Logansport looking at improving and increasing parks

·4 min read

Jun. 10—Logansport is moving forward with upgrading and adding to the parks in the city.

At the Wednesday night Logansport Parks and Recreation Board meeting, board members approved going ahead with Riverside Park improvements and heard from Mayor Chris Martin about a potential disc golf course and a plan for a Riverwalk feasibility study.

The board members are asking for contractor proposals for the July 14 meeting because of the rising cost of construction materials after the pandemic.

The Riverside project includes a fitness court, two basketball courts, two pickleball courts, restroom renovations and additional parking.

A $250,000 grant from the Indiana Department of Natural Resources will go towards the improvements.

Parks Administrator Jan Fawley said that she talked to the company that will be installing the fitness court, and delivery times will be tough, probably late "and expenses will probably be more than we like, too."

The work will happen between the Eel River Run Trail and west of the Dentzel Carousel pavilion.

By getting the bids for the construction work July 14, the board can decide if they need to make cuts, possibly not having both basketball or pickleball courts until later.

Board Member Mike McCord said that with contracts, the parks department could get labor costs set and hope the prices of materials go down.

The department should see how long the contractors will guarantee labor prices for, he said.

Mayor Martin spoke at the end of the meeting about the two projects his administration is looking at and about putting more focus on the two rivers — the Eel and the Wabash.

For the riverwalk, the city is looking at proposals for feasibility studies on two possible options.

The city would pay for the studies through County Economic Development Income Tax funds, and the Board of Works is expected to address the issue at its Wednesday meeting.

Martin said the emphasis would be on amenities and a potential river park, perhaps tying in with Riverside or Patriot Park.

The north bank of the Eel River will also be considered.

Fawley said that with the master plan for Riverside being updated, it would be good to work in conjunction on a riverwalk.

Board member Lynne Ness said, "That's the way to bring people to Logansport, through recreation."

For the disc golf, Martin is looking at the area around the former landfill, Ivy Tech and the Girl Scouts' woods.

The city has contacted the Girl Scouts about the project, Martin said.

The course will be similar to the one at France Park, including part of it in the woods.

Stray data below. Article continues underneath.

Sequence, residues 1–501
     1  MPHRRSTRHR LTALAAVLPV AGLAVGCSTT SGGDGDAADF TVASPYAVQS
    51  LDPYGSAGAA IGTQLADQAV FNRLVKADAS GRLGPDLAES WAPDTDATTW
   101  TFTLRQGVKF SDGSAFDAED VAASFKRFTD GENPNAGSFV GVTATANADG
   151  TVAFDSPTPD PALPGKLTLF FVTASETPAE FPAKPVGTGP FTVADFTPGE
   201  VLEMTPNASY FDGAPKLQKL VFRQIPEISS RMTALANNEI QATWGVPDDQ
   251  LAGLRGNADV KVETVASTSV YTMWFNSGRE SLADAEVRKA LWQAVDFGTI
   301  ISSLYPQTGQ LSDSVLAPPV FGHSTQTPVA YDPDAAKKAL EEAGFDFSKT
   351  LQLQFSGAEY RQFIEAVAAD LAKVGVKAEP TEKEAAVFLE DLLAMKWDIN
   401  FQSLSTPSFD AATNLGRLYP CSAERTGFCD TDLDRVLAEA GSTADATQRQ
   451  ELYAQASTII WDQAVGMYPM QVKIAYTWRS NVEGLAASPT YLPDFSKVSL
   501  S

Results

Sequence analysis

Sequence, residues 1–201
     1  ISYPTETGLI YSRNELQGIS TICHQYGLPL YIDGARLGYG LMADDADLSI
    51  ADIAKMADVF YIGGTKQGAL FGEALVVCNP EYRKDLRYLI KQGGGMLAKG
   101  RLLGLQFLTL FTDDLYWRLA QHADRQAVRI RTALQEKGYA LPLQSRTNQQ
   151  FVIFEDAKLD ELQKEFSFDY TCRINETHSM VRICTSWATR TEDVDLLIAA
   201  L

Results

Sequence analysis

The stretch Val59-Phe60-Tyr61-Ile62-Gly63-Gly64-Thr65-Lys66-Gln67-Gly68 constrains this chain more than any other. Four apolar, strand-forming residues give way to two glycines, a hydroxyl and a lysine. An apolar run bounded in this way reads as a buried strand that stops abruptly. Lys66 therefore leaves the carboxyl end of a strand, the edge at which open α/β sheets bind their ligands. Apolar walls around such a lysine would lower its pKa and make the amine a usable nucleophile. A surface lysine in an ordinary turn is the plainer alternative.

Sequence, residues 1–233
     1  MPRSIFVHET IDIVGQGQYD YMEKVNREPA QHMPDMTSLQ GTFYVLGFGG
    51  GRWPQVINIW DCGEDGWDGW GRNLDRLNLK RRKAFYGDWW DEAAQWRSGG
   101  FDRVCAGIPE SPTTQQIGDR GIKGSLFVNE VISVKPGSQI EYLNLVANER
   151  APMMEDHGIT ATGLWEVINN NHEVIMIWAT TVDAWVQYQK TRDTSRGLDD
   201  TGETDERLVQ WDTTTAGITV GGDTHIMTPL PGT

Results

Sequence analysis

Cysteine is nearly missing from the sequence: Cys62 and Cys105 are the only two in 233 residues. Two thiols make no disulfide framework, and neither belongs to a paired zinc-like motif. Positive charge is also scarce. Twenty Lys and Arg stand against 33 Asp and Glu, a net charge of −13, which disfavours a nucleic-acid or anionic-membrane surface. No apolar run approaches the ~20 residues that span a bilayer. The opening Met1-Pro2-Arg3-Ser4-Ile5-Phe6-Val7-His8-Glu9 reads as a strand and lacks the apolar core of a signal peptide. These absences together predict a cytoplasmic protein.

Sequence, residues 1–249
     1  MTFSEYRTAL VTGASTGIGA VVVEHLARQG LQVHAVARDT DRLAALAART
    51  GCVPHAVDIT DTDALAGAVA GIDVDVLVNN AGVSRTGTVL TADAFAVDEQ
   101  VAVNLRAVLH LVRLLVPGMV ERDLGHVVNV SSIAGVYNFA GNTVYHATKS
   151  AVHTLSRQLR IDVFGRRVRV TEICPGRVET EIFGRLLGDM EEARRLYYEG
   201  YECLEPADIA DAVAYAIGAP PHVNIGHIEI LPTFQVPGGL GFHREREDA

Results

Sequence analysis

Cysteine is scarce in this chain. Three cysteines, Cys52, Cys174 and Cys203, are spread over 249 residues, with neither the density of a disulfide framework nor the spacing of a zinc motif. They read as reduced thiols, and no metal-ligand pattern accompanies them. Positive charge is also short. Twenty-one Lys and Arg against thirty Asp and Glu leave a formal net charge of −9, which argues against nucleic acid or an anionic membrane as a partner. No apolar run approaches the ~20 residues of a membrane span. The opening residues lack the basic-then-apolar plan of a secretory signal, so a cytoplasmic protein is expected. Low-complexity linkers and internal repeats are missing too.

Martin is looking into sponsorships for maintenance costs, but he doesn't believe maintenance will be much because disc golfers tend to take care of their courses and the woods won't need much work, he said.

Also at the meeting, the board members approved naming the old pavilion for the Dentzel Carousel after parks board member Mike McCord.

McCord abstained from the vote.

However, his family business, McCord's Do It Best, is providing materials and workers to fix the pavilion up.

Fawley said that the reason for the renaming is McCord's generous spirit and that he has been one of the most vocal about making improvements at Riverside.

McCord's hardware business has helped and donated to a number of projects.

"Every time somebody has a project or idea, you can go to Mike," she said. "I don't think he's ever turned us down."

Parks Board President Dave Smith said that when he was working with youth league baseball, "Mike was always willing to help us out."

McCord said that the reason his business has been able to do so much is because the community has supported the hardware store.

And the customers and employees also use the city parks.

"We have an obligation to give back," he said.

The pavilion had no official name before the board voted to make it McCord's Pavilion and has not held the carousel for about 30 years, Fawley said.

Board members also approved a resolution expanding the ability to serve alcohol in other parks besides Little Turtle Waterway and Heritage Park.

The resolution will allow Riverside, Spencer, Fairview and Houston parks and the Penman Service Center building.

The rules will be the same, including that any event with alcohol be a special event held by a community group and restricted to a designated area.

Fawley said that the reason for expanding the ability to other parks was the Melbourne Avenue Project, which is going beyond the two-year predicted timeline for the pipes installation for flood control.

Little Turtle has traditionally held community events such as Taste of Logansport.

"[It] identified a weakness that we can't always have everything downtown," Fawley said.

Reach James D. Wolf Jr. at james.wolf@pharostribune.com or 574-732-5117

Twitter @JamesDWolfJr

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